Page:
Monday, 8 July 2013

Brutus - Behind the Mountains (album review)

Cover artwork by Maarten Donders
I first heard Norwegian retro rockin' stoner quintet Brutus when I found their video and put it on the Hour of Power about a month back.  You see folks, things like that are as much for my sake as they are for yours!  Since that time, the entire internet world hasn't been able to shut up about this band as anticipation began to build and the tension I felt towards ending that bleak period of my life that shall henceforth forever be known as "Brutus-less" was eating me up inside.  What's so amazing about these guys?  Aren't they just another Scandanavian retro rock band?  Yeah, basically, but also, not so much.  Permit me to try to demonstrate ...

Brutus just want to have fun, BUT, Brutus are also chased by demons; a darkness which they embrace and add fully to their music.  Thankfully however, that darkness doesn't manifest itself in morbid navel-gazing and boring pip-squeaky melancholia.  Even as the band is worried, hurried and harried through the dark forest, they're still crushing beer cans on their foreheads, belly belching like men do and generally causing whatever amounts of mischief and havoc as possible.

Their larger-than-life riffs weave between dead trees, chased through tall grass by a lasso swinging death's headed figure of doom on horseback.  Flirting with doom and coming out laughing like wild men, Brutus ends up looking like a group of deep woods survivors, edgy attitudes and etched faces.  The moods the band displays are all over the map, reflecting the rhythms of life, they have sides to match all scenes one may find oneself in, and provides the perfect soundtrack thereof.  I love the dark, dark overcast skies feel as stormclouds gather over creepy mansions on "Blue Pills" or as larvae-bearing ghost ships sail over dry land dropping their overflowing payload as they go on "Reflections".  But if it's the fun-and-sun filled, cruising with the top down getaway moments you're looking for, there's always "Big Fat Boogie" and "Personal Riot".  Or maybe you've already arrived at your destination, hot dogs on the end of sticks, sun going down or are simply looking for a good back porch stomper, well "Square Headed Dog"s got you covered there as well.  Do you plan on scaling the precarious face of a mountain in the deep forest with an escaped lab experiment gone wrong nipping at your heels?  Well "Mystery Machine" is the perfect tension building soundtrack to that exact scenario too.  Who knows, it might give you that extra boost you need to escape, heels intact.  It might even save your life.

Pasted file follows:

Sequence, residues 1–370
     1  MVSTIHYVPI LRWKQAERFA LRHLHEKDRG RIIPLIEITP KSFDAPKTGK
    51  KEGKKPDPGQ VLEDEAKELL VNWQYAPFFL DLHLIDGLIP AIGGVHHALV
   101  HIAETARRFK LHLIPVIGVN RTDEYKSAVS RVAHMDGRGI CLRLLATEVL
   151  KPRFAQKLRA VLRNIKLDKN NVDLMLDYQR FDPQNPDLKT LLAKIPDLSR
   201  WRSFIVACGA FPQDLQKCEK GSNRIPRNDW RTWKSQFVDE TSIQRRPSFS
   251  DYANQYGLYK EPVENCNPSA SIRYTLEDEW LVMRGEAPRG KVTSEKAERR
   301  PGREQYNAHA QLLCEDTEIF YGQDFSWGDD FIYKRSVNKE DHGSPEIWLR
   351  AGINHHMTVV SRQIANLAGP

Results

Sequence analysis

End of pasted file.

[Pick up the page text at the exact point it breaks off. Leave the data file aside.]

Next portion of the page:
Image courtesy of Dice Magazine.
But maybe not.  Basically, 'Behind the Mountains' is a handy album to bring around to maypole dances by day or ensorcelled orgies round the old hanging tree by night.  It both establishes and matches the mood of each event at different times.

Music was just better in the olden daze and Brutus number among the legions of Scandanavians who say "fuck it" and don't bother to update a sound, they just drive a stake through it and roast it with orange amps. Mmm, tasty!  What can I say to convince you that this band is better than all the other Scandanavian "retro rock" bands out there?  Nothing, nor would I want to.  Each one is different.  Brutus may be the most unique sounding of the bunch.  There's not any one or two specific bands that you could point to from bygone days, who this band uses as a point of reference or sounds like (well ... maybe Sabbath, but yeah, no two bands).  Theirs is an original sound never bordering on infringement.  As a matter of fact, it may be time to trash the well-worn label 'retro' regarding these lads and slap upon their rubber-burning bumper the fresh appellation of 'throwback'.  Yes folks, there is a difference!

Highlights include: "Personal Riot" and "Blue Pills"

Rating: 4.5/5

1). The Witches Remains (4:58)
2). Personal Riot (3:54)
3). Big Fat Boogie (3:43)
4). Blue Pills (6:11)
5). Square Headed Dog (4:39)
6). Mystery Machine (3:48)
7). Crystal Parrot (4:13)
8). Reflections (6:56)
9). Can't Help Wondering Why (6:41)
Total Run Time: 44:59

From: Paris, France

Genre: 'Throwback' Rock, Doom, Blues

Reminds me of: Kadavar, Witchcraft, Year of the Goat

Release Date: June 14, 2012

Better Reviews:
The Sleeping Shaman
Ech(((o)))es and Dust

Brutus on facebook


OR HERE (digital)

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